Tutoring and Control and Flexibility

A tutor can do many things to help a student learn how to become a better writer. However, after years if tutoring, a tutor can get into ruts that hinder performance, such as taking on the role of expert. I have been tutoring for several years now and feel that I have things to change with my approach, and I have decided that some good concepts to remember to prevent being a prescriptive expert rather than a descriptive helper are control and flexibility. Control and flexibility are important for both tutors and writers.

Tutors need to work on using the concepts of control and flexibility in their tutoring. Taking more time to ask questions and explain would be more helpful to writers rather than giving advice right away. Control comes into play when the tutor asks questions directed toward higher order conders first. Flexibility comes into play when the tutor works with the answers writers provide, allowing writers to direct the course of the discussion.

Expertise can be helpful in tutoring if it helps writers have more control and flexibility as they write. Tutoring expertise should be used to help writers develop their own successful writing processes and used to help them think of ways to solve their own writing problems successfully. Tutors can ask writers what writing process they currently have and also explain what other strategies can be tried. Tutors can ask questions and explain various ways of solving writing problems so that writers can make choices and try to develop their own problem-solving skills. In the end, writers should gain confidence in their writing abilities because they have developed methods to control and be flexible with their own writing.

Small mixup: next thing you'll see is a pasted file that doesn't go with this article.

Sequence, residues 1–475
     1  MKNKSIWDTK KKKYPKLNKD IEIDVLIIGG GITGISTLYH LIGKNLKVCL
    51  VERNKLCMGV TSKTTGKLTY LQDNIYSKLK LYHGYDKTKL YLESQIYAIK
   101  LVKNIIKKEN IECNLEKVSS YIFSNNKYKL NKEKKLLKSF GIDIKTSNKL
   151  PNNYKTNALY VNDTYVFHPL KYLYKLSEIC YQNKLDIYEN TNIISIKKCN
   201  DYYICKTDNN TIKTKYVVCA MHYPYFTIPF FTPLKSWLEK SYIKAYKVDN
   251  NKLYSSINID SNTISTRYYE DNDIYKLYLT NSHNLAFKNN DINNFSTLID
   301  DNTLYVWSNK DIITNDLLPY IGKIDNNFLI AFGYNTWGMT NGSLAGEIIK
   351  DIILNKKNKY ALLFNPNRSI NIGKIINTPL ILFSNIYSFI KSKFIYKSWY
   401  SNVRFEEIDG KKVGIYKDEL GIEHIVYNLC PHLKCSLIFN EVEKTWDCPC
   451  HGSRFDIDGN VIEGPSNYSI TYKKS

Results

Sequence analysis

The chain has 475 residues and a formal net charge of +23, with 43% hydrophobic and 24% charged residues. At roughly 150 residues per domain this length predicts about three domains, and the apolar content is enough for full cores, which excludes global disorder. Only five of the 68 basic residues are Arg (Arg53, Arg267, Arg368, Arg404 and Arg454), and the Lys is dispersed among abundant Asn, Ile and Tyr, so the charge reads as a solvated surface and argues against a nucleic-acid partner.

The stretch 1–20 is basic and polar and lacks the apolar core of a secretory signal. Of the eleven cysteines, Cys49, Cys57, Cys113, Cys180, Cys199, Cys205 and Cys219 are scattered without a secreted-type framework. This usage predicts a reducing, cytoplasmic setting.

Sometimes tutors with experience can get into habits that leave them wondering whether they are really helping students, and they need to spend some time developing new habits. I know that I feel I am spending too much time being an expert sometimes. I also feel that applying the concepts of control and flexibility better would improve my own tutoring.


  1. You've touched on something that is of great interest to me as far as writing center work goes, Jeannette: that our work is always under development. I certainly know that with my WC experience, I am a much different type of respondent than I was 25 years ago (ack!) when I first started. I've also rethought my own take on how writing centers work and how the work we do is best conducted.

    Some might see constant reflection and reexamination of approach as a weakness. I think, however, it is an excellent means of developing a place like a writing center as well as our own "practice" as writing tutors.

    Cool post!


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